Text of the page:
A house that is equipped with a patio or deck provides the homeowner or renter enhanced opportunities to enjoy outdoor living. Depending on geographic location, cold weather may restrict these enhanced opportunities to only a few months a year. Weather restrictions can greatly be alleviated though, and propane patio heaters are quickly becoming the top method of extending your outdoor living and entertaining season.
Prior to the widespread availability of these propane heaters, most patio/deck heat instruments were wood-burners. Wood-burners are still popular in several varieties and styles, especially in areas in which firewood is readily available. Even then, wood-burners involve safety risks including direct skin burns, deck fires caused by log shift and tipping of the burner, and roof fires caused by flying red ashes.
Electric patio heaters can be effective, but are relatively expensive to run. Another drawback is that they need to wired to your electric system or plugged into an outlet. This reduces potential heater sites and limits mobility.
Mobility should be considered when a decision is made to use a gas fueled patio heater also.
Two basic forms of gas fuel are potentially available for residential use: natural gas and propane. “Natural gas” refers to the type of gas that is available in some parts of the country, where it is fed to the residence through underground pipes. Propane is the gas that is available in canisters for use with gas grills and other appliances, including patio heaters.
A natural gas patio heater will require locating the heater at the point at which a gas line can be run. Propane patio heaters, however, allow for no-cost location of the heater anywhere. The location can then be readily changed by simply moving the heater to a new position. Some propane heaters have built in wheels, while others must be set on a small wheeled platform. The propane tank can easily be removed for movement of the heater, although in some models, just like with propane grills, you may be able to relocate the heater without even taking the tank out.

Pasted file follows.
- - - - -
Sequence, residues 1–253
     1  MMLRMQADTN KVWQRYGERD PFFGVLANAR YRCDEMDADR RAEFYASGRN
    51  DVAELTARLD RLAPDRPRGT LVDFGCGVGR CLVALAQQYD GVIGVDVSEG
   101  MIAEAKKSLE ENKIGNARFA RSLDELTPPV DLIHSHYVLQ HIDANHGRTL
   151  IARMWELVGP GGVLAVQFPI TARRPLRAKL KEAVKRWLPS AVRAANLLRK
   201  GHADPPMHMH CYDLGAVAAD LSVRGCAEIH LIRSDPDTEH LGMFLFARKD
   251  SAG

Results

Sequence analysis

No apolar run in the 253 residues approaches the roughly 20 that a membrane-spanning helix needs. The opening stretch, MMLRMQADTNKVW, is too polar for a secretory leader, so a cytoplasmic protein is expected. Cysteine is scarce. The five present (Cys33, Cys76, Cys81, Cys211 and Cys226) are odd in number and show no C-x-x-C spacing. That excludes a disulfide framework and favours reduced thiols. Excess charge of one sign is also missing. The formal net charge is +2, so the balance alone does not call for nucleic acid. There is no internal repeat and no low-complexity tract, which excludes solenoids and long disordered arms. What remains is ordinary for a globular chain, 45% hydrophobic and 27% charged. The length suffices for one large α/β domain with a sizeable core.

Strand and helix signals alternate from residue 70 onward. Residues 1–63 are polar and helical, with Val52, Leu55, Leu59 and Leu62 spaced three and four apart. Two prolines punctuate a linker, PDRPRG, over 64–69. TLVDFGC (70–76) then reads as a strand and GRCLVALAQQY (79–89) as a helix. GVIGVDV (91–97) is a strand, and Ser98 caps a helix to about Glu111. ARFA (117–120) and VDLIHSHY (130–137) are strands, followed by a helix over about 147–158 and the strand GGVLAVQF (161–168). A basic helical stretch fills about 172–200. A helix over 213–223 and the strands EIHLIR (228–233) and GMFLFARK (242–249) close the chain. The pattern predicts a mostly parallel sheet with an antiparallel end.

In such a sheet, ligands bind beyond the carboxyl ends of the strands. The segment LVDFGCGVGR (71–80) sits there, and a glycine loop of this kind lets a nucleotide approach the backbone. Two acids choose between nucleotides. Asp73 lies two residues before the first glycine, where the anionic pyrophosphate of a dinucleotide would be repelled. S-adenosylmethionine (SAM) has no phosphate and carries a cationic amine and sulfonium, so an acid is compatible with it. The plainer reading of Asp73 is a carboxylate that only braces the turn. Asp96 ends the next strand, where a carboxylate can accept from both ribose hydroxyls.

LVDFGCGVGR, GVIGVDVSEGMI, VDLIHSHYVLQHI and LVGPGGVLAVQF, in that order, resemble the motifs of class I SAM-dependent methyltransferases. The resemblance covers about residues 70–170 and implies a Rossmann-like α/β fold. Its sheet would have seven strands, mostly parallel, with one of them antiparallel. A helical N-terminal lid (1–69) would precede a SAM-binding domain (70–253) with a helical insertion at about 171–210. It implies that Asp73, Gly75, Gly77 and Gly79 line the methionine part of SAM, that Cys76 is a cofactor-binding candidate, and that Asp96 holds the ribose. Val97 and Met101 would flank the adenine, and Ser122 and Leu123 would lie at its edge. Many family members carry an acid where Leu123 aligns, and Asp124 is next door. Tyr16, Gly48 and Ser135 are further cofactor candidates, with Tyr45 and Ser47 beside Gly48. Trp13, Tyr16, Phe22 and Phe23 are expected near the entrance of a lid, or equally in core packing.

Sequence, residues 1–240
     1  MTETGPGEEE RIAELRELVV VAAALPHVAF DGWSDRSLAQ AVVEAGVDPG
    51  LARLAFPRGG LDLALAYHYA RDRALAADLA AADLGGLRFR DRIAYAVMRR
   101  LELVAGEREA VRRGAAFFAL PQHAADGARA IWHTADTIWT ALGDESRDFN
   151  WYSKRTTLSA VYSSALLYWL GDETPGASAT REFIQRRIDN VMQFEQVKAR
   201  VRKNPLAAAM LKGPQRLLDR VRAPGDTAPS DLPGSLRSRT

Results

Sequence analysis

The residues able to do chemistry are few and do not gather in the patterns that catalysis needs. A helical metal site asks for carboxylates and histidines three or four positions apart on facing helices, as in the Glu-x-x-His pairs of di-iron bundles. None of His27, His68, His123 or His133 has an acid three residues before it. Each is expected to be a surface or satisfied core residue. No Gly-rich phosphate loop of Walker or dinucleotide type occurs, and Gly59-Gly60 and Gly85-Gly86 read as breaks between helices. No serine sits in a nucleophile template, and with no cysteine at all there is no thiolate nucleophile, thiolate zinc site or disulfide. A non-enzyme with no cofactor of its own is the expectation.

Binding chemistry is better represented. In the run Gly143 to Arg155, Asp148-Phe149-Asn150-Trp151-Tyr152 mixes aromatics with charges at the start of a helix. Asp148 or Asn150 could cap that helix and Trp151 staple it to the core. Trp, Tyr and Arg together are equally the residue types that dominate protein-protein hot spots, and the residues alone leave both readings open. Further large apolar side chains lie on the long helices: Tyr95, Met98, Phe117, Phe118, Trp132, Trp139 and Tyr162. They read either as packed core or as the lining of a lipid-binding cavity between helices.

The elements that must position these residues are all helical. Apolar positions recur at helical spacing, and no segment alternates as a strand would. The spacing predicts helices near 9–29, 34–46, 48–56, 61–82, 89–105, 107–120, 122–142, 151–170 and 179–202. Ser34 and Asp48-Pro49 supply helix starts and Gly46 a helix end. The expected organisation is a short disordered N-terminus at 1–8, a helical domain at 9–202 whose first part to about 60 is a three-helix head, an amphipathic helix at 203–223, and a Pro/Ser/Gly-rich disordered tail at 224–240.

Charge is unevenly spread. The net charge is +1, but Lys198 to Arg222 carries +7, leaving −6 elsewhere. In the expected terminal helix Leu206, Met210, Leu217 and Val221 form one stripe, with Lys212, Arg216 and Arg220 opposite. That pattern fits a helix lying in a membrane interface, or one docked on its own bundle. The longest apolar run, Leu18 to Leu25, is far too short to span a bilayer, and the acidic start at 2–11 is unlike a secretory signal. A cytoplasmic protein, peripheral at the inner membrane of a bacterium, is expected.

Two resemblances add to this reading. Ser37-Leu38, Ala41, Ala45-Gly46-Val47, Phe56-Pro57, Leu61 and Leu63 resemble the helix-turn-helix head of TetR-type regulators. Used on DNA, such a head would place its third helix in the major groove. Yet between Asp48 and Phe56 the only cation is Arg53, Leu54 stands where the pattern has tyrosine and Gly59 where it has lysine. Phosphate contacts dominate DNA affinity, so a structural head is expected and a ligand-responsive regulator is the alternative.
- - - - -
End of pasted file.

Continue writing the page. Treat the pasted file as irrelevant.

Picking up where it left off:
Mobility being a primary feature, a buyer should test the wheels for effectiveness and sturdiness if you are looking at a wheeled model. A model without wheels should be readily liftable in terms of balance and weight, with the weight centered low at the base. Any model should have a low center of gravity, to ensure stability during windy conditions. A top-heavy model will be prone to blow over, and can get damaged or damage furniture, plants etc.
Smaller table-top models are also available. These models provide the ultimate in ease of movement and placement. They are well suited to smaller patios and decks, where heat doesn’t need to be dispersed over as great an area, and where space for the heater is limited.
In any patio area under consideration, heat dispersion is increased by having a large dome at the top. When comparing propane heaters, a deciding factor could be which heater provides a broader dome while at the same time proving a low center of gravity for stability. A broad dome also can provide a bit of cover during rainy condition, which applies to most patios and decks, which are open-air (uncovered).
A good rust-proof surface is certainly a requirement under open-air conditions. Even some types of aluminum can corrode when exposed to moisture over long periods of time, so it is advisable to do simple research on the Web to read about the experiences of previous buyers. Of course, rust-preventing paint could also be applied after purchase, although there’s no good reason to have to do that.
The shopper should check to see if the heater is already assembled, and if not, investigate ease of assembly. Larger heaters will probably require some assembly, but a half hour with a screwdriver is vastly superior to a complex assembly process.
In the long term, ease of operations becomes a big factor in a buyer’s level of satisfaction with the heater. A push-button starter and an easily-understood heat control dial will make use of the heater a pleasure. Match or fire stick ignition is a distant second choice when it comes to starting up the heater.
Lastly, even though several years worth of product improvements have made all manufacturers’ product lines more reliable, a solid warranty plan is advisable when buying a propane patio heater.